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moriens deficiente manu. And I think it highly to the honour of Mr. Windham, that his important occupations as an active statesman did not prevent him from paying assiduous respect to the dying sage whom he revered. Mr. Langton informs me,
one day he found Mr. Burke and four or five more friends sitting with Johnson. Mr. Burke said to him, “I am afraid, Sir, such a number of us may be oppressive to you.' -No, Sir,' said Johnson, . it is not so; and I must be in a wretched state indeed when your company would not be a delight to me.' Mr. Burke, in a tremulous voice, expressive of being very tenderly affected, replied, My dear Sir, you have always been too good to me.' Immediately afterwards he went away. This was the last circumstance in the acquaintance of these two eminent men.”
The following particulars of his conversation within a few days of his death I give on the authority of Mr. John Nichols :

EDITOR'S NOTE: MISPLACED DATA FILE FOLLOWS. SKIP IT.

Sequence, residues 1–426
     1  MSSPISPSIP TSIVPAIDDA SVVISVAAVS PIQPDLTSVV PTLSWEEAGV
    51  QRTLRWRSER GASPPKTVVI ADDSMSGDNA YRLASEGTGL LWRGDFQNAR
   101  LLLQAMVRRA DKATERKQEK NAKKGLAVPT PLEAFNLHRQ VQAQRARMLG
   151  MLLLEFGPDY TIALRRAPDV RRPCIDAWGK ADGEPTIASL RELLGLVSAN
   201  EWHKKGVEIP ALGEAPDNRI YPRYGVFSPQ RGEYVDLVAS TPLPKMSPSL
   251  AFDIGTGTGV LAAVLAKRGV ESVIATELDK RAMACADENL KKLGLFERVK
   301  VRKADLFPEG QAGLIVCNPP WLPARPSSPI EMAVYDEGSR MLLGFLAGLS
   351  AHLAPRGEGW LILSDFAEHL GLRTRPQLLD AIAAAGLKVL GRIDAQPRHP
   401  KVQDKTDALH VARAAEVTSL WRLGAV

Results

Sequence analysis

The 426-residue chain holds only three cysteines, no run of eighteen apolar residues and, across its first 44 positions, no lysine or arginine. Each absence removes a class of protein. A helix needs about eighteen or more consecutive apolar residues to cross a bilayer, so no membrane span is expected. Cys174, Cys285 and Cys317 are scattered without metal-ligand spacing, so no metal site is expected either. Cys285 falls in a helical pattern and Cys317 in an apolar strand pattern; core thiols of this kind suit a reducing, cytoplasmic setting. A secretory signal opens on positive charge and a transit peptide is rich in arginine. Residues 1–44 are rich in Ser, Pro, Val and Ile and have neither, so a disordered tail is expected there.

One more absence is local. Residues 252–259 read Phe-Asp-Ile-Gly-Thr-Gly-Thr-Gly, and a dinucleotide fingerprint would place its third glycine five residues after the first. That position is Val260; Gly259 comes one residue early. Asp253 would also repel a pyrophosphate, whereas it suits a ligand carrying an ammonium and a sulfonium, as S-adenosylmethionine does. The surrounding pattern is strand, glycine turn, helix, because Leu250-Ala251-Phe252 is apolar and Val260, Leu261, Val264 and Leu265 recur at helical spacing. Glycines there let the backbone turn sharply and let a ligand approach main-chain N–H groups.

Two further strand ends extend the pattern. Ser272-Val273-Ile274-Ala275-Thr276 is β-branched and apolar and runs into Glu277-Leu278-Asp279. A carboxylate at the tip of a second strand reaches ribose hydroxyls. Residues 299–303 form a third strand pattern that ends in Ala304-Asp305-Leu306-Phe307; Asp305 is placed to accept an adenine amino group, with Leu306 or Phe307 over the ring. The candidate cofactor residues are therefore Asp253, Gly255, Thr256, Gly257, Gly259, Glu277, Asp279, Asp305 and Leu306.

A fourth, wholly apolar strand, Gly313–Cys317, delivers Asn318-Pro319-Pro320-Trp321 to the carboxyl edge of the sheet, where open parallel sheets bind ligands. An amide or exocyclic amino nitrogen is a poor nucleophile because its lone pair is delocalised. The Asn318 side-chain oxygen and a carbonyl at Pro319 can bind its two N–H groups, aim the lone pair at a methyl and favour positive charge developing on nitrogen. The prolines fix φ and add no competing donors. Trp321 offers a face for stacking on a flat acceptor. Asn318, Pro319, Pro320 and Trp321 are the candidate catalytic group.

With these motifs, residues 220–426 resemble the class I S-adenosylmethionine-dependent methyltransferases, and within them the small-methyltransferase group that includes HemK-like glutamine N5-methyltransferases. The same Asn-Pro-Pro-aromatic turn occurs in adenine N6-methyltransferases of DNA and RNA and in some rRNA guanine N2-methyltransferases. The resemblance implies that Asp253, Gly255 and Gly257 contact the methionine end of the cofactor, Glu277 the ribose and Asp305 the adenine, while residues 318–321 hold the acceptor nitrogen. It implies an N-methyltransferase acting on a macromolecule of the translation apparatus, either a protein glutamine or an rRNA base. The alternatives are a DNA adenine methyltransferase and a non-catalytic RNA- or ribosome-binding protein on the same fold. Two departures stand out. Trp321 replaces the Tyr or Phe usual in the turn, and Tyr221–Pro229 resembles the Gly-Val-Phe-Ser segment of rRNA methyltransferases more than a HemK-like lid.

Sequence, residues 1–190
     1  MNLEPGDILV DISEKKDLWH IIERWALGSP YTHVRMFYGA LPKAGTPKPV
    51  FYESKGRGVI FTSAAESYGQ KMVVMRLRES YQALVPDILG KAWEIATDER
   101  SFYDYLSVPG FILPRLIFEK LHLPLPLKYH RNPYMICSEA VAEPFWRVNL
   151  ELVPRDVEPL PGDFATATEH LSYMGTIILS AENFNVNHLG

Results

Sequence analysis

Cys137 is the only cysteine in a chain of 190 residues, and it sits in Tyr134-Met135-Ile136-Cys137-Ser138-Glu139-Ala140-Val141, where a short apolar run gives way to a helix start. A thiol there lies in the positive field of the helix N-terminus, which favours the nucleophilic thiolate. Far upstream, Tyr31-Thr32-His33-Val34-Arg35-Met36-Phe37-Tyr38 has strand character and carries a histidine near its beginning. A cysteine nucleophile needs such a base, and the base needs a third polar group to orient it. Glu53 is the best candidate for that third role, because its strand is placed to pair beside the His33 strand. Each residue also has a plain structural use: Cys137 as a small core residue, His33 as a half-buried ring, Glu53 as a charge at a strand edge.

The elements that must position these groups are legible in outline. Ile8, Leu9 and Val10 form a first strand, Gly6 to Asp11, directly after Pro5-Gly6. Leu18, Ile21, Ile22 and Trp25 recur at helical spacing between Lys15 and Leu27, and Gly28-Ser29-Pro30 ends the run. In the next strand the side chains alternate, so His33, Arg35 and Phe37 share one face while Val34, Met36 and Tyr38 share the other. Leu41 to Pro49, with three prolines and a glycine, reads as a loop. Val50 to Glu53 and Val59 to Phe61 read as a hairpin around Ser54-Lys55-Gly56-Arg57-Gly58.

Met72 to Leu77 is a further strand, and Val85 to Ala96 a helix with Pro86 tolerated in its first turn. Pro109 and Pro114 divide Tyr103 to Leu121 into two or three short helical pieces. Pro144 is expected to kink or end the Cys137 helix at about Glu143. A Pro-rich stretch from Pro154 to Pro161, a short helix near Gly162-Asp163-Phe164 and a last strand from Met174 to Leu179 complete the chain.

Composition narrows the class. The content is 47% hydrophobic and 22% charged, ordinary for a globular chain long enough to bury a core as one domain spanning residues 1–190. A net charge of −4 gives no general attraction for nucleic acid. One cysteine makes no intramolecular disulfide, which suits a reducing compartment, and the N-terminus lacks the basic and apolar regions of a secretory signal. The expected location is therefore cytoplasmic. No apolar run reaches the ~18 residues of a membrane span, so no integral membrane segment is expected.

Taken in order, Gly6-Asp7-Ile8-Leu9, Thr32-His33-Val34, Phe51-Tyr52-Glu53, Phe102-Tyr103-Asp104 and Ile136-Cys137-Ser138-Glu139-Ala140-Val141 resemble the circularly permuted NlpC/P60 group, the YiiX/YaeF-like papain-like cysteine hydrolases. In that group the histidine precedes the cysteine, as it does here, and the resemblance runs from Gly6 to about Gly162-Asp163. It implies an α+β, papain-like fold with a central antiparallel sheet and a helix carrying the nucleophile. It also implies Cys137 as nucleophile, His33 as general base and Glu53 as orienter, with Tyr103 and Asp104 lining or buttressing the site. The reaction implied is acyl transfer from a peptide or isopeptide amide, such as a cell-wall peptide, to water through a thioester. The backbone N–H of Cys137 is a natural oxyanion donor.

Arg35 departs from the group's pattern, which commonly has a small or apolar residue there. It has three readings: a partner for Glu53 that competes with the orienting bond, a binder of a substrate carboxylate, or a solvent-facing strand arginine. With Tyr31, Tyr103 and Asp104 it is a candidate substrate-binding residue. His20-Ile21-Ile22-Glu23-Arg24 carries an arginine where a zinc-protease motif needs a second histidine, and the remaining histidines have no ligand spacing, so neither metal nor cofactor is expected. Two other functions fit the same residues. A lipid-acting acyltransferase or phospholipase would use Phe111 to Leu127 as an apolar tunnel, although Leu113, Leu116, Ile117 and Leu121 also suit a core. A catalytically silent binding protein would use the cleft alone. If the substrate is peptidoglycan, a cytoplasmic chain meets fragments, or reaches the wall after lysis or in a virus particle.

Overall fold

He said, that the Parliamentary Debates were the only part of his writings which then gave him any compunction : but that at the time he wrote them he had no conception he was imposing upon the world, though they were frequently written from very slender materials, and often from none at all, — the mere coinage of his own imagination. He never wrote any part of his works with equal velocity. Three columns of the magazine in an hour was no uncommon effort, which was faster than most persons could have transcribed that quantity.
“ of his friend Cave he always spoke with great affection, 'Yet,' said he, · Cave (who never looked